Animal feed resources information system

Huizache (Acacia farnesiana)

IMPORTANT INFORMATION: This datasheet is pending revision and updating; its contents are currently derived from FAO's Animal Feed Resources Information System (1991-2002) and from Bo Göhl's Tropical Feeds (1976-1982).


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Common names 

Huizache, huisache, aroma, aromo creole, aromo macho, bayahonda, cachito, carbonero; cashia, coromo, espinial, espino blanco, rayo [Spanish]; cassie flower; fragrant acacia; huisache, mimosa bush, opopanax, popinac,sweet acacia [English]; cassie, cassie ancienne, acacie odorante, cassier, mimosa doux, mimosa de Farnèse[French]; antillenkazie [Dutch]


Acacia minuta (M. E. Jones) R. M. Beauch., Acacia smallii Isely, Mimosa farnesiana L., Pithecellobium minutum M. E. Jones, Vachellia densiflora Alexander ex Small, Vachellia farnesiana (L.) Wight & Arn.

Taxonomic information 

Huizache (Acacia farnesiana) belongs to the Fabaceae family. In 2005, the genus Acacia was split into 3 genus :

  • Acacia only attributed to Australian species
  • Vachellia and Senegalia gathering all other former Acacia species living in other places than Australia

Huizache should thus be named Vachellia farnesiana but many papers still refer to Acacia farnesiana. It was thus decided to keep the former taxon for this datasheet.

Related feed(s) 

Huizache is a fast-growing, showy, thorny, leguminous and evergreen or almost evergreen shrub. Huizache is a multipurpose species: it produces gum, its fragrant flowers are used to make perfumes and it can be cut to make forage for small ruminants in Central and South America. The shrub also hosts the lack insect and is attractive to bees.


Huizache can be cultivated as a shrub or small-sized tree that grows to a height of 1-10 m depending on the plant management. It can live 20- 50 years. It has a deep vertical taproot. The trunk is short and thin, many-branched from the base. The bark is smooth and becomes fissured with lenticels at maturity. The crown is rounded, 2-3 m in diameter. The branches are ascending, sometimes horizontally borne, armed with 0.6-2.5 cm long thorns at the nodes. Young twigs are dark brown in colour with light-colored dots. The leaves are alternate, leathery and bipinnate, 2-8 cm long, bearing 2-7 pairs of primary pinnae each bearing 10-25 pairs of leaflets. The flower-heads are axillary borne, solitary or grouped by 2-3, yellow in colour. The flowers are ball-shaped, bright yellow in colour. The fruit is a pod that is reddish brown to black when mature. It has a subcylindrical and slightly curved shape and it becomes dehiscent as it matures. Pods remain on the tree after maturity. The seeds are kidney-shaped, 6-8 mm long, sweet scented. The seedcoat is waterproof (CABI, 2018; Vazquez Yanes et al., 1999),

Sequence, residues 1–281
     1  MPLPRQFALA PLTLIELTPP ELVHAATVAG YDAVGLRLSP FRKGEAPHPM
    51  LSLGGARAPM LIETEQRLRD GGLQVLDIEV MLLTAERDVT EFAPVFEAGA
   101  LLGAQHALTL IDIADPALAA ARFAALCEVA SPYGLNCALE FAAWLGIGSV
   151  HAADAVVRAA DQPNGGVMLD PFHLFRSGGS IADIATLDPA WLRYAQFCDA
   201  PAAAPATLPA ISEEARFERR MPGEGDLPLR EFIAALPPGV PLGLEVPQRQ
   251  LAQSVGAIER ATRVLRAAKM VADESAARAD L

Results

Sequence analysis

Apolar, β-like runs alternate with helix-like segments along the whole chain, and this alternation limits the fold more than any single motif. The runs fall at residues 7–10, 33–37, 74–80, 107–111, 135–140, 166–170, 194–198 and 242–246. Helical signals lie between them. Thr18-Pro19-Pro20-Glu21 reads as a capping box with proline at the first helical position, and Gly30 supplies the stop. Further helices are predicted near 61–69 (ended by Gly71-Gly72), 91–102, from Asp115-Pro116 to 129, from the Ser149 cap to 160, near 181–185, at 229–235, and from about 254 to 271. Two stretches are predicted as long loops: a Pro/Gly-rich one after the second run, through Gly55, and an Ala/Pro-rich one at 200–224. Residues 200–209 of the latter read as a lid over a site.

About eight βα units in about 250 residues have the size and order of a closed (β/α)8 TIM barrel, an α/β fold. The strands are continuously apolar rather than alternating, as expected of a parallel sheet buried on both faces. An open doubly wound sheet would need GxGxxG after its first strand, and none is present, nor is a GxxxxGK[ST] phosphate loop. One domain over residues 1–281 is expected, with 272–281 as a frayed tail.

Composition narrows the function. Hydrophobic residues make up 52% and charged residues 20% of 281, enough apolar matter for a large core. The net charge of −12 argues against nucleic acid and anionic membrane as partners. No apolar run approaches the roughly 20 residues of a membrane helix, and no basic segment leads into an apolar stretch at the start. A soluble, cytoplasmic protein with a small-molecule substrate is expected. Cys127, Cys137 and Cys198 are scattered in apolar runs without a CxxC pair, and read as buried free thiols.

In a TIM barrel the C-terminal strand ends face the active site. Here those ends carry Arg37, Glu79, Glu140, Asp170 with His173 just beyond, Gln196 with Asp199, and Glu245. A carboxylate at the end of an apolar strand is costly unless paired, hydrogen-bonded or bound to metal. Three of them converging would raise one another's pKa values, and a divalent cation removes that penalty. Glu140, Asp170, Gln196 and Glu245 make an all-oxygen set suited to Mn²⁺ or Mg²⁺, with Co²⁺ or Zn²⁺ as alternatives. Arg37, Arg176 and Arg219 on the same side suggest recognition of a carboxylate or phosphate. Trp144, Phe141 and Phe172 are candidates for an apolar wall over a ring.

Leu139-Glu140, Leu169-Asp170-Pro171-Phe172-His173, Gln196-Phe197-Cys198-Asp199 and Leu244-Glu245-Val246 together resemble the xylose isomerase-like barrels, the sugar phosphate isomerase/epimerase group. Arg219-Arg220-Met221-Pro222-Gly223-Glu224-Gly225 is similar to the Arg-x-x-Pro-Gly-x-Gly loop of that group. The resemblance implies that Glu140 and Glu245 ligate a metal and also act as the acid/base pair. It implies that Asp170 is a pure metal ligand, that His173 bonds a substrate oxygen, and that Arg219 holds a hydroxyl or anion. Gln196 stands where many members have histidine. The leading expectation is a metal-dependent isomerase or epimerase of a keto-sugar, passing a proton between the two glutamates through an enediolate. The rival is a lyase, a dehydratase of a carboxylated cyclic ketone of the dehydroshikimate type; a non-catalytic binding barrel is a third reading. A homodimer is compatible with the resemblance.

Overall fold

Huizache is a valuable multipurpose species and all parts of the shrub can be used. The foliage and the pods are palatable to livestock and can be used as forage, especially in dry areas. The seeds are relished by birds. The flowers provide much appreciated essential oils for perfumes: in France it has been one of the most important acacia species (with A. dealbata and A. caven) for the French perfume industry in Grasse in the 19th and 20th centuries (Castellana et al., 2012). Green pods yield a sticky substance used as a glue and the trunk provides gum that is used as an arabic gum substitute. The bark and pods are useful for dyeing and tannins. The wood is used for posts, tools, and furniture it also makes valuable firewood. The tree can be planted as a fence and an ornamental scented species. It can also be useful for erosion control and is hase been used along roadsides, highways and parkings.  Huizache provides nesting cover for wildlife (CABI, 2018; Vazquez Yanes et al., 1999; Gilman et al., 1993).



Huizache is a tropical to subtropical species that is thought to have originated from Central America (CABI, 2018). In Americas, it occurs from southern USA to Mexico and southwards to Argentina (Erkovan et al., 2016). It has been introduced to the Old World by Spaniards (CABI, 2018). It was first described in Europe in 1625 after the observation of specimen grown in the gardens of the Villa Farnese in Rome,  Italy, hence the epithet "farnesiana". It had been brought from Santo Domingo (Bell et al., 2017). In Australia, it is thought that huizache could have arrived before English settlement, thus advocating for an ocenic dispersal from Mexico through the Pacific ocean to the northern coast of Australia (Bell et al., 2017). In Australia, huizache is referred to as an invasive species (CABI, 2018).

Huizache can be found in both hemispheres from 33 (-36)° S to 33°N, and from sea level up to 1000 - 1500 (-2000) m altitude. It is found in places where annual mean temperature range is 14.7–27.8°C. Huizache is a versatile, drought hardy species, only dropping its leaves during dry spells and it has also tolerance of frost in Mediterranean climate. It can grow on a wide range of soils from acidic to alkaline, saline or clayey soils preferably well-drained (PFAF, 2019; Erkovan et al., 2016; Gilman et al., 1993). Huizache is a full sunlight shrub and it can survive fire since it regrows from basal shoots (Erkovan et al., 2016).